Edited By Hopper on 16/10/2019 09:17:09

Thread: slidway lapping
16/10/2019 09:05:10

IT's not a recommended practice because you have no control over where and how much metal is removed. And equal parts will be removed from both saddle and bed. Various self-appointed YouTube gurus show how to wreck your brand new Chinese minilathe using the same technique. I would not go there.

But if one were to go there, Timesaver abrasive compound would be the one to use. It supposedly does not embed in the parent metal and keep on grinding away forever more. Rather, it breaks down in use to a finer powder that eventually is not abrasive.

If the lathe in question is Myford you are probably far better off to make the Wide Guide Conversion (see a soon upcoming MEW for how to do it.).

One a new minilathe etc, if saddle travel is a bit rough etc, probably better off to smooth the bed ways with a few judicious strokes of a dead smooth file or a fine rubbing stone, just enough to take off burrs and machining roughness.

Thread: Can you help identify this Myford Lathe
15/10/2019 07:51:42
Posted by Howard Lewis on 07/10/2019 18:54:11:

George has summed it up pretty well.

The peculiarities of the M types were :

To save confusion, albeit at risk of my sounding like an overly pedantic twit,  please note that ML1 - 7 are not "M Types"

The M-Type was a completely different lathe, made initially by Drummond and taken over by Myford during the war because it was considered a superior machine (for war purposes) to the ML1-4 models made by Myford.

After the war with the advent of the cheaper ML7 Myford, followed by the Super 7 etc, these became known as 7 Series lathes by some. But never as M series or M types. The M-type died an honorable death circa 1948 or shortly after when the lower-cost ML7 flooded the market.

If you search lathes.co.uk for "M Type" the whole intriguing saga is chronicled in detail.

Back to the OP's lathe and it looks like a good 'un from the pics. Has some serious upgrades such as the overhead v-belt countershaft, a clutch and what looks like some kind of indexing disc by the heashdstock pulleys. And is that a 127 tooth gear on the leadscrew for metric thread cutting? Either that or a very fine feed rate. Nice.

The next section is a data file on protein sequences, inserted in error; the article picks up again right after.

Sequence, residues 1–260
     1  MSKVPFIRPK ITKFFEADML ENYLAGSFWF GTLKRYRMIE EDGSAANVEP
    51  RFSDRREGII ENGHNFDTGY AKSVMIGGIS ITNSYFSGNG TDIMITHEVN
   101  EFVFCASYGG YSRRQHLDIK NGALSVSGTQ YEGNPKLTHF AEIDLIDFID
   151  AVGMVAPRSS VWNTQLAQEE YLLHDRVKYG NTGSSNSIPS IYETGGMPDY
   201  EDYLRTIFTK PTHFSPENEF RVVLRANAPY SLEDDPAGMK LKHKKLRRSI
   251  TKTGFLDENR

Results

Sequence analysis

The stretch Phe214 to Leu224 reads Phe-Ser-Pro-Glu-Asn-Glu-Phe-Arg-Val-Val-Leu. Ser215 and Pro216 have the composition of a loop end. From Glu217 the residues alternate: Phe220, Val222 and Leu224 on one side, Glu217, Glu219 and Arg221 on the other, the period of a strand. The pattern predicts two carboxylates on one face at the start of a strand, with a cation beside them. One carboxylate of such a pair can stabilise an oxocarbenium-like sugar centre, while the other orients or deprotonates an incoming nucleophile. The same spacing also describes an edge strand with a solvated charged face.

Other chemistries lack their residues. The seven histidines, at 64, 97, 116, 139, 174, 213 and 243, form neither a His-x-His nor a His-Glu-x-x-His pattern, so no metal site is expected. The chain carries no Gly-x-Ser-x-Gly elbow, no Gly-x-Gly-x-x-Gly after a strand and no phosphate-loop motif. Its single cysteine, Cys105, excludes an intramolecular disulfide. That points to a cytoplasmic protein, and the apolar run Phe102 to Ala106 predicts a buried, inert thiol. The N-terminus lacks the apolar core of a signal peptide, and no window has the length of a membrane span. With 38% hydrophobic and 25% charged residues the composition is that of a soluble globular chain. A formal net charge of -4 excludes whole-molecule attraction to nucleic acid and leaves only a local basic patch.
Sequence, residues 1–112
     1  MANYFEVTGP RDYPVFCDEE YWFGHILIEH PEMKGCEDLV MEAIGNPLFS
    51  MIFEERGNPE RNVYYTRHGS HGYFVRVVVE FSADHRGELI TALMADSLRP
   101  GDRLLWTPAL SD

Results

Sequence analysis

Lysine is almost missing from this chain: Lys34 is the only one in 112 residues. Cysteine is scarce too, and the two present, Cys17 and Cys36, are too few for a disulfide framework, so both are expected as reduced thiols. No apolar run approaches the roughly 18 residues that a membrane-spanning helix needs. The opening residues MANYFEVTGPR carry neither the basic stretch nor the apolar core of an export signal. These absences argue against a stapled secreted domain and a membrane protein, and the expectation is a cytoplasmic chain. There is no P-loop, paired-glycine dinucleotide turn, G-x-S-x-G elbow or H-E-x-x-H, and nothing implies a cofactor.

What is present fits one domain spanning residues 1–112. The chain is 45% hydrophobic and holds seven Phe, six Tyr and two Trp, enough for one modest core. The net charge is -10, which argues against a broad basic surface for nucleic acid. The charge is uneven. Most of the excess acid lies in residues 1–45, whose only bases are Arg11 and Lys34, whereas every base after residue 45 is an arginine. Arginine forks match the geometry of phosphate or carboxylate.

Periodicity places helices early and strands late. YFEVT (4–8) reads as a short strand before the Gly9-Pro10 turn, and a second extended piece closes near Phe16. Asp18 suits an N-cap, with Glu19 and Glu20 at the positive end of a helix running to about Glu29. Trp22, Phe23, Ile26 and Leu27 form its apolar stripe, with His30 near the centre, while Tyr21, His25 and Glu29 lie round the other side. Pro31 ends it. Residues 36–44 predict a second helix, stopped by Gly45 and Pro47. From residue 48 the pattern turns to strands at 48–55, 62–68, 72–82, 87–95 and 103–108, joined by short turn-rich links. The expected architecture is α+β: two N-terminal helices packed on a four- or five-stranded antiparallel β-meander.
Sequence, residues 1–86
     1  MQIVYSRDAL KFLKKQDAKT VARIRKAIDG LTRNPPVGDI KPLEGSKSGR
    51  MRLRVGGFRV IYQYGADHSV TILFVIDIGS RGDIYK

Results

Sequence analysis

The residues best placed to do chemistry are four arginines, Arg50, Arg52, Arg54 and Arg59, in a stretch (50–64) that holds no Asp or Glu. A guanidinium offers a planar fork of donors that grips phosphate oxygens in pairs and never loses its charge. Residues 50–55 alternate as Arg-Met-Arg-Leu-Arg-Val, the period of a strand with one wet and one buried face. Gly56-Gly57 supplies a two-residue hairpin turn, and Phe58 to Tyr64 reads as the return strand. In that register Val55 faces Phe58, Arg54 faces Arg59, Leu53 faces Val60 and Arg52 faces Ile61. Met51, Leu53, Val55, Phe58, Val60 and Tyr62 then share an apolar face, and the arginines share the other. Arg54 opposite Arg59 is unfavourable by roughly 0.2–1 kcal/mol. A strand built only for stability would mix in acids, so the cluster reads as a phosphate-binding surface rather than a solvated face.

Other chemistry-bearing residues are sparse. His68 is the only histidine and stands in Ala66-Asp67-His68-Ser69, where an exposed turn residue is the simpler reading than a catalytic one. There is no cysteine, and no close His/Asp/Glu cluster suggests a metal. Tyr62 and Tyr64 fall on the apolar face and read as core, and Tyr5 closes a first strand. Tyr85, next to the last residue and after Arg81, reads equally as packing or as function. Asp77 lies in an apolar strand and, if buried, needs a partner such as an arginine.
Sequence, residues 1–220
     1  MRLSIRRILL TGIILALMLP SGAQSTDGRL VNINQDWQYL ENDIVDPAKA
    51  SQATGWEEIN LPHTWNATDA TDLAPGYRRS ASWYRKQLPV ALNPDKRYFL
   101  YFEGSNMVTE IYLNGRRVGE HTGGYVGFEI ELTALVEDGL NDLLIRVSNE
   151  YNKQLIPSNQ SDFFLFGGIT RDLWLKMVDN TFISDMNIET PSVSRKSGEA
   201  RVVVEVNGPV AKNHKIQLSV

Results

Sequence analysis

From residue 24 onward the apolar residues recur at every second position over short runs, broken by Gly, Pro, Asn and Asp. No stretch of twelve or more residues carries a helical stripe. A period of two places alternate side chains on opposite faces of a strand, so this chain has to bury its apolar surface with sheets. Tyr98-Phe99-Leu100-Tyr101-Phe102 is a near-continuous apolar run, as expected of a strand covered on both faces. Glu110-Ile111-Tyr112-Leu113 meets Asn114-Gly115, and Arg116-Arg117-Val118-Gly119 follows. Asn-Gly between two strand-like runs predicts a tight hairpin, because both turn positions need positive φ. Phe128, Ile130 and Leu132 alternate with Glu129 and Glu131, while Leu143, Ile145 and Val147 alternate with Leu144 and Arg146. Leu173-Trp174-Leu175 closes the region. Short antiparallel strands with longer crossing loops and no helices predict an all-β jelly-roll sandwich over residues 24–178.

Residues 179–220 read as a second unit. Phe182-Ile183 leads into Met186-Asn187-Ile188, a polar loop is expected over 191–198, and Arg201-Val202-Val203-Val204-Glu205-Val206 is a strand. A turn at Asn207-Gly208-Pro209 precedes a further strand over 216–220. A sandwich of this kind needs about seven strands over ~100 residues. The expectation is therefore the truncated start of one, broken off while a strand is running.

Edited By Hopper on 15/10/2019 08:09:20

15/10/2019 07:50:44

Doh. Double post. Even I don't love the sound of my voice that much.

Edited By Hopper on 15/10/2019 07:56:29

Thread: Built-up edge
13/10/2019 23:01:02
Posted by gerry madden on 13/10/2019 13:33:59:

... I have started machining the face of a large bar end of aluminium 150mm max diameter at about 1000 RPM. All went well for about 20 mins then suddenly the cut goes to the dogs...

1000 RPM is pretty high for 150mm diameter (even with carbide tooling and ally material) and will generate the kind of heat that is welding material to the cutting edge. Try slowing the rpm down. Maybe try 500 and see how it goes.

And 20 minutes is a long time to face a piece of bar. It may be that too slow a feed rate is letting the tool rub on the job and generate heat without cutting, resulting in the fine ally particles building up in a welded mass on the edge.

And +1 on use a bit of WD40 when machining ally. Seems to reduce the stickiness and is not as stinky as kerosene (parafin)

 

Edited By Hopper on 13/10/2019 23:09:15

Thread: diameter calculation
13/10/2019 09:56:19

And we haven't even started to calculate how many angels can dance on the head of a pin of the diameter with three chords this size. I know the plain diameter formula has been posted on here before somewhere, but not encompassing the chords aspect.

Thread: Oil Level Sight Glass
13/10/2019 09:05:39

If they are like the plastsic/Perspex sight glasses used in motorcycle crankcases, you may have to drill a hole in it, screw in a self-tapping screw and pop the "glass" and seal out with a puller or slide hammer attached to the screw Then replace glass and seal with new unit.

Thread: Exactly...
10/10/2019 13:55:31

Fluoride waste from fertilizer manufacturing used to fluoridate drinking water to reduce dental cavities.

Solid waste from sewage treatment plants sold as fertilizer.

Peanut shells from food processing and bark chips from lumber mills sold as garden mulch.

And sausages... let's not even go there.

Thread: Warco WM18 milling head shake ( technically spindle is precessing) when plunge milling a blind slot.
10/10/2019 13:42:00